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Review: Die Another Dame, online via Zoom

It’s the night before the opening of Die Another Dame, the James Bond-themed panto, at Gravestone Community Centre. Greg Gilbert, the show’s writer, director and star, has been found murdered: a huge glitter ball suspended above the stage collapsed onto his head, its supporting cable deliberately severed. Who among the cast and crew could have committed such a dastardly deed? It’s up to you, as the detective’s cohorts, to unravel the truth. Detective Slaughter and his tech sidekick Festive Fred welcome you to the Zoom event, where you’re joined by the panto’s cast: the winsome and naive Ronny Russell,…

Summary

Rating

Good

A good concept, let down by thin clues and not enough audience discussion.

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It’s the night before the opening of Die Another Dame, the James Bond-themed panto, at Gravestone Community Centre. Greg Gilbert, the show’s writer, director and star, has been found murdered: a huge glitter ball suspended above the stage collapsed onto his head, its supporting cable deliberately severed. Who among the cast and crew could have committed such a dastardly deed? It’s up to you, as the detective’s cohorts, to unravel the truth.

Detective Slaughter and his tech sidekick Festive Fred welcome you to the Zoom event, where you’re joined by the panto’s cast: the winsome and naive Ronny Russell, who plays the back end of a horse; the outrageously camp pantomime dame Justin Juggs, who’s frustrated by his meagre line count; the feisty Emily Easter, a leading lady with her sights on higher things; the rough diamond Mike Minton, who has financed the show; and the stressed-out Frankie Fletcher, health and safety officer and prop builder.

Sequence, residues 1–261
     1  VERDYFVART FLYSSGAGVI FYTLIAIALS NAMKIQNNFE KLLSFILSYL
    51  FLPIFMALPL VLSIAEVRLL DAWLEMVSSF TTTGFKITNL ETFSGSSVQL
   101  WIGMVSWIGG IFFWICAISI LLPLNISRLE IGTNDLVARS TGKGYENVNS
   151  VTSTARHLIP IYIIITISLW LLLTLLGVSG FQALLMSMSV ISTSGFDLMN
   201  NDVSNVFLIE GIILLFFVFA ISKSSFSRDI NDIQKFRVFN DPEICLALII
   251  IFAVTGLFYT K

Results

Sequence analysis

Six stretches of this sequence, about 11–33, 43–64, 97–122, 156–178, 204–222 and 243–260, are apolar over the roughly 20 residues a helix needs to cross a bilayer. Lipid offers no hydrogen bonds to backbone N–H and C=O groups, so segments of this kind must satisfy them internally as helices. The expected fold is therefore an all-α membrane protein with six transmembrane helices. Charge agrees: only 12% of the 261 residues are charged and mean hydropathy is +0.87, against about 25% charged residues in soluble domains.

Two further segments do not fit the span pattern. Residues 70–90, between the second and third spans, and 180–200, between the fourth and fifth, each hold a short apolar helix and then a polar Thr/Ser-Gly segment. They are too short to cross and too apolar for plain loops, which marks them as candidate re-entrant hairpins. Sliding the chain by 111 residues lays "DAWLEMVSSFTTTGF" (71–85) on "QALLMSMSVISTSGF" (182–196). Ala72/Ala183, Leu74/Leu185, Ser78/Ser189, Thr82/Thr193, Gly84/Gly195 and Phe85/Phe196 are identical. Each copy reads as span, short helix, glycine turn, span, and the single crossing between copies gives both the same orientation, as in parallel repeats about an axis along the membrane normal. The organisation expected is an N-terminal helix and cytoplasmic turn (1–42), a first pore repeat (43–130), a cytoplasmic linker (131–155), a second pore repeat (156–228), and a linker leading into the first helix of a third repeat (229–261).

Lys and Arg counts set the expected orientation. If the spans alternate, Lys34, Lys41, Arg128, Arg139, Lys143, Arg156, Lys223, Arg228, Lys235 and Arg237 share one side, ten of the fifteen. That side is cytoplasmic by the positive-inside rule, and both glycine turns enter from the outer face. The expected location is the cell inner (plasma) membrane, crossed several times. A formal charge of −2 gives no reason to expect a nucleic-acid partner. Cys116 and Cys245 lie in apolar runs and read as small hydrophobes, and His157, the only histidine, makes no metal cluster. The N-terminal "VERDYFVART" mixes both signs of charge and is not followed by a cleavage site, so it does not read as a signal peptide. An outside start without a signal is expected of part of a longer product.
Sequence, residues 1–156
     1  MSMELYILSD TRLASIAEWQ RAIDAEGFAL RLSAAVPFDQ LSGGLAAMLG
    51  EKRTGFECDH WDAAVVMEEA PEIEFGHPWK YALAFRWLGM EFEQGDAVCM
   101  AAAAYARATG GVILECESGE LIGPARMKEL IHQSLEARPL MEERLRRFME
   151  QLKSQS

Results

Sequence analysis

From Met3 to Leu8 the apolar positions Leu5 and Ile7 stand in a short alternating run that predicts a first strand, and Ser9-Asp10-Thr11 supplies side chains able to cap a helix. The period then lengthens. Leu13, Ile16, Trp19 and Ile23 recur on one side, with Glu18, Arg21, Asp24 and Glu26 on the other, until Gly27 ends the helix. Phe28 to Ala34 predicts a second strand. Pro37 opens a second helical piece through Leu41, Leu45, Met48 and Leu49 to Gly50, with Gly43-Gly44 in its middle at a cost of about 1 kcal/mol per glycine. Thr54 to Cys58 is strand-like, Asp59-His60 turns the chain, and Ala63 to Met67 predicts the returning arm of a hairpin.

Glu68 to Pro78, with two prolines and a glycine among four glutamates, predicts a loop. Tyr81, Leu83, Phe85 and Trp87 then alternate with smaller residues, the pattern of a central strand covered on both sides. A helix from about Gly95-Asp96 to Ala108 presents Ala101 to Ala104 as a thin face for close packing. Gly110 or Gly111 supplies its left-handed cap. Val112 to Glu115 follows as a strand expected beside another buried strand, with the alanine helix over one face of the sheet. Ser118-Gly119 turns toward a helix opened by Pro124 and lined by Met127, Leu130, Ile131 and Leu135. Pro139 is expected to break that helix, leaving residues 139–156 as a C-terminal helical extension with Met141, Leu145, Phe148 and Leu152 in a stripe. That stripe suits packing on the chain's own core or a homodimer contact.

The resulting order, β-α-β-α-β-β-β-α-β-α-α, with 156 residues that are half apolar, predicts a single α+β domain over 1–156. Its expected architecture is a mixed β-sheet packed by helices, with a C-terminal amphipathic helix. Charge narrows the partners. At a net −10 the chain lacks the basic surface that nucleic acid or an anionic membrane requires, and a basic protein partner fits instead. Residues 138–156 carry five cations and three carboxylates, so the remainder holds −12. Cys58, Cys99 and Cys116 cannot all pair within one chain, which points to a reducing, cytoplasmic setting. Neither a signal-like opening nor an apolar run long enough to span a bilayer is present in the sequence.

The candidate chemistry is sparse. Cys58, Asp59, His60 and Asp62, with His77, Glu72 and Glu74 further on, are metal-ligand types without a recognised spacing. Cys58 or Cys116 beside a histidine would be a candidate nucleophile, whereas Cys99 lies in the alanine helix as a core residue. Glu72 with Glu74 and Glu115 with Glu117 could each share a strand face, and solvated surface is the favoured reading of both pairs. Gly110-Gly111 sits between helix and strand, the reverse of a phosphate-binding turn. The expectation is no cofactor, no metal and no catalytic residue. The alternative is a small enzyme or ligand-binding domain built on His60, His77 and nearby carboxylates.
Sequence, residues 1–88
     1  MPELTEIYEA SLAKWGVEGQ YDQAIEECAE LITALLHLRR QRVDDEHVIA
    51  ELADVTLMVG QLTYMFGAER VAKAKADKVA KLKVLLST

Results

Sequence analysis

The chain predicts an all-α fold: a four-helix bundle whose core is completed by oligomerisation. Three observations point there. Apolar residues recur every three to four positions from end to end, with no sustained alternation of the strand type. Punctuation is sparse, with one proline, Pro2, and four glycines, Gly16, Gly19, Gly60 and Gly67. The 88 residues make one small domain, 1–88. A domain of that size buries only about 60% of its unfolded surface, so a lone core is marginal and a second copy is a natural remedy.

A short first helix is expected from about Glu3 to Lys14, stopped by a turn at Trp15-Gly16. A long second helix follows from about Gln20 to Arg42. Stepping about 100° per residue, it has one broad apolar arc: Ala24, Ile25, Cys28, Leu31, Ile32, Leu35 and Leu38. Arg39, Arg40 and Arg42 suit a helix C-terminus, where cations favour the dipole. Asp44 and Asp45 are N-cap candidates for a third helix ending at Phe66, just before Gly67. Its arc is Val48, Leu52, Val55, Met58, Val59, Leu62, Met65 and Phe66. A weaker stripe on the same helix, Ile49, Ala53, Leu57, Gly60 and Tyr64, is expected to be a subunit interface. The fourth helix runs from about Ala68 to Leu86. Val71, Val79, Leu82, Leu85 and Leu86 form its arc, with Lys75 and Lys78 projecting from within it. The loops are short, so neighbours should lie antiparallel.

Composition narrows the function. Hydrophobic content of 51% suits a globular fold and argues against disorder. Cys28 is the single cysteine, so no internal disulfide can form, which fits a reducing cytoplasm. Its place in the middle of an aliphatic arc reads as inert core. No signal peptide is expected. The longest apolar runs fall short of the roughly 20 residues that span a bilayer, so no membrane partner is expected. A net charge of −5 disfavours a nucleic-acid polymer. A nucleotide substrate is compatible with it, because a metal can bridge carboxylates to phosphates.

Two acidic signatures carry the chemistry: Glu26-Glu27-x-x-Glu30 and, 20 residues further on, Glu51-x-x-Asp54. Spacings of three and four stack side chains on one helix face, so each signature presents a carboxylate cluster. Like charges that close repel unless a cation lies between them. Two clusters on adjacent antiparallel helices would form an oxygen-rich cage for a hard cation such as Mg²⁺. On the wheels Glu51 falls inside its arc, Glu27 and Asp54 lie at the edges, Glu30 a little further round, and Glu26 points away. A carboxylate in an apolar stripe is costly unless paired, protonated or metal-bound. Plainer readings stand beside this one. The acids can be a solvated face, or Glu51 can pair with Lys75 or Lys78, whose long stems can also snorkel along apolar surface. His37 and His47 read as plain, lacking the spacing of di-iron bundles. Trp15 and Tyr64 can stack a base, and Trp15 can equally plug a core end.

The audience split into small groups in Zoom’s breakout rooms, where you have two minutes to interview each of the five cast members. One of them is the murderer, but which one? The first interview may offer some clues, but then a group session in which more facts are revealed takes the mystery a step further. 

After a further two minutes with each performer, you’re reunited once more and each audience member gets the opportunity to ask a single question of any one of the cast. After that, you’re on your own: you have just two minutes in which to write down the name of the murderer before the final piece of evidence reveals the true culprit.

It’s an entertaining way to spend an hour and a bit, and the cast perform with enthusiasm and invention as they react to whatever questions you throw at them.

The problem with the show’s format is that you never get a chance, as a sub-group, to discuss your findings. This means you very much come to your conclusion in a vacuum; it would have been great to have ten minutes where you could thrash out your ideas with your fellow detectives.

Written and directed by: Emma Crocombe
Produced by: Play Dead London

Die Another Dame is currently booking up to 31 January

About Steve Caplin

Steve is a freelance artist and writer, specialising in Photoshop, who builds unlikely furniture in his spare time. He plays the piano reasonably well, the accordion moderately and the guitar badly. Steve does, of course, love the theatre. The worst play he ever saw starred Charlton Heston and his wife, who have both always wanted to play the London stage. Neither had any experience of learning lines. This was almost as scarring an experience as seeing Ron Moody performing a musical Sherlock Holmes. Steve has no acting ambitions whatsoever.